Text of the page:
Twenty-five of these major so-called Dansgaard–Oeschger (D-O) warming events have been identified. These abrupt swings in temperature happened too quickly to have been caused by Earth’s slowly changing orbit around the Sun. Fascinatingly, when ice cores from Antarctica are compared with those from Greenland, we see a “seesaw” relationship: when it warms in the north, the south cools, and vice versa.

Attempts to explain the cause of this bipolar seesaw have traditionally focused on the North Atlantic region, and include melting ice sheets, changes in ocean circulation or wind patterns.

But as our new research shows, these might not be the only cause of D-O events.

Our new paper, published today in Nature Communications, suggests that another mechanism, with its origins in Antarctica, has also contributed to these rapid seesaws in global temperature.

Tree of knowledge

The 30,000-year-old key to climate secrets.
Chris Turney, Author provided

We know that there have been major collapses of the Antarctic ice sheet in the past, raising the possibility that these may have tipped one or more parts of the Earth system into a different state. To investigate this idea, we analysed an ancient New Zealand kauri tree that was extracted from a peat swamp near Dargaville, Northland, and which lived between 29,000 and 31,000 years ago.

Through accurate dating, we know that this tree lived through a short D-O event, during which (as explained above) temperatures in the Northern Hemisphere would have risen. Importantly, the unique pattern of atmospheric radioactive carbon (or carbon-14) found in the tree rings allowed us to identify similar changes preserved in climate records from ocean and ice cores (the latter using beryllium-10, an isotope formed by similar processes to carbon-14). This tree thus allows us to compare directly what the climate was doing during a D-O event beyond the polar regions, providing a global picture.

The extraordinary thing we discovered is that the warm D-O event coincided with a 400-year period of surface cooling in the south and a major retreat of Antarctic ice.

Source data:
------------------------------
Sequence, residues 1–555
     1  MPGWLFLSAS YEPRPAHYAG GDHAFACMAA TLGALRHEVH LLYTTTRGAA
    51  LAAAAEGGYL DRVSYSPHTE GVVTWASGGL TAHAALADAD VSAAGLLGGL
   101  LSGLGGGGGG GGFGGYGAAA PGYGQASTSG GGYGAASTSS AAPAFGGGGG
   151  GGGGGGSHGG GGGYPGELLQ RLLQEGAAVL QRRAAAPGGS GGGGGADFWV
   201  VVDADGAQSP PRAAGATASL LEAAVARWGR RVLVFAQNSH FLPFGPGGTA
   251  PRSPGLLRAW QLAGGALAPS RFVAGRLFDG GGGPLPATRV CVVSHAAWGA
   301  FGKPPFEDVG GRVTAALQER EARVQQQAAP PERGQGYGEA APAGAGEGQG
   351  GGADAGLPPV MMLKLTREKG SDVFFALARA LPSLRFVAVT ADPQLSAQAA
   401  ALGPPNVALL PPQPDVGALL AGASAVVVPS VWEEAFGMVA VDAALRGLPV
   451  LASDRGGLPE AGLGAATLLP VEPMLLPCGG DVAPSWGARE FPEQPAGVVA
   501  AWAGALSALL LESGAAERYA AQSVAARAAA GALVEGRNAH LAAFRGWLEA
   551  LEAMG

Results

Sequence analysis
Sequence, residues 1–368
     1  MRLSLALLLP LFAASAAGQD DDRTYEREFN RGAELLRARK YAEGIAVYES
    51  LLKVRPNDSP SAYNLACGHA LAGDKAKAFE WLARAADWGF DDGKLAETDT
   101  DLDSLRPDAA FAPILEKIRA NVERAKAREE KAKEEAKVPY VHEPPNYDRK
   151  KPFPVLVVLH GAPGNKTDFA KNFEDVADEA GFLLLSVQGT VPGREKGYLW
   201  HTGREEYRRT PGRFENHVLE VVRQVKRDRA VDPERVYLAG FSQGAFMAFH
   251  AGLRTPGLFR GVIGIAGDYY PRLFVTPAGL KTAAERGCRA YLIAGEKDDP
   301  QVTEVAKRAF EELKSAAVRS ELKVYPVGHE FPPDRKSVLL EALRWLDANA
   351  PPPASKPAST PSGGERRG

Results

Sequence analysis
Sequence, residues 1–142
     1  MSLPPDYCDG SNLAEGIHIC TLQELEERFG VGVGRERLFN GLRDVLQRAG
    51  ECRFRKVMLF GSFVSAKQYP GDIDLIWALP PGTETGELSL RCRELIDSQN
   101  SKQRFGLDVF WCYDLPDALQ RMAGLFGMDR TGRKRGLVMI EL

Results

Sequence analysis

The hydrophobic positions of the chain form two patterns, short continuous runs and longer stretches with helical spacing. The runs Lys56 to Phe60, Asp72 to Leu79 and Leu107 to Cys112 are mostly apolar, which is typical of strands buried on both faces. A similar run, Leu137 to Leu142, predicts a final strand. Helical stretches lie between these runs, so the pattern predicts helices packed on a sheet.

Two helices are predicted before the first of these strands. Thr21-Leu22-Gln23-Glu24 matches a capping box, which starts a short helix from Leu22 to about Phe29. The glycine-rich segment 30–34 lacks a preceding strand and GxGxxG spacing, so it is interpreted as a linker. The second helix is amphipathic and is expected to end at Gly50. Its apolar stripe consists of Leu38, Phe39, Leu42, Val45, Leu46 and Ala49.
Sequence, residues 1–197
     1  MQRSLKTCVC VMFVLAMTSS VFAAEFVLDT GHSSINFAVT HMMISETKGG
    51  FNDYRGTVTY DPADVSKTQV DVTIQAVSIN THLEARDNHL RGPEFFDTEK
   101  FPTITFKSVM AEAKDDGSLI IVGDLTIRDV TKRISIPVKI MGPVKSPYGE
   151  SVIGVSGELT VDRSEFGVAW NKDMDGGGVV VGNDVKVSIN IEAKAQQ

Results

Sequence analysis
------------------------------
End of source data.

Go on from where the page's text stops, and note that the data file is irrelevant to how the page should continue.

When we searched through other climate records for more information about what was happening at the time, we found no evidence of a change in ocean circulation. Instead we found a collapse in the rain-bearing Pacific trade winds over tropical northeast Australia that was coincident with the 400-year southern cooling.


Read more: Two centuries of continuous volcanic eruption may have triggered the end of the ice age.


To explore how melting Antarctic ice might cause such dramatic change in the global climate, we used a climate model to simulate the release of large volumes of freshwater into the Southern Ocean. The model simulations all showed the same response, in agreement with our climate reconstructions: regardless of the amount of freshwater released into the Southern Ocean, the surface waters of the tropical Pacific nevertheless warmed, causing changes to wind patterns that in turn triggered the North Atlantic to warm too.

The ConversationFuture work is now focusing on what caused the Antarctic ice sheets to retreat so dramatically. Regardless of how it happened, it looks like melting ice in the south can drive abrupt global change, something of which we should be aware in a future warmer world.

Chris Turney, Professor of Earth Sciences and Climate Change, UNSW; Jonathan Palmer, Research Fellow, School of Biological, Earth and Environmental Sciences., UNSW; Peter Kershaw, Emeritus Professor, Earth, Atmosphere and Environment, Monash University; Steven Phipps, Palaeo Ice Sheet Modeller, University of Tasmania, and Zoë Thomas, Research Associate, UNSW

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Coal and the Coalition: the policy knot that still won’t untie

The Conversation

Marc Hudson, University of Manchester

As the Turnbull government ties itself in yet more knots over the future of coal-fired power, it’s worth reflecting that climate and energy policy have been a bloody business for almost a decade now.

There was a brief period of consensus ushered in by John Howard’s belated realisation in 2006 that a price had to be put on carbon dioxide emissions. But by December 2009 the Nationals, and enough Liberals, had decided that this was a mistake, and have opposed explicit carbon pricing ever since.


Read more: Ten years of backflips over emissions trading leave climate policy in the lurch.


The resulting policy uncertainty has caused an investment drought which has contributed to higher energy prices. Now, with prices a hot potato, there are thought bubbles about extending the life of coal-fired power stations and a new effort to set up a Conservatives for Conservation group.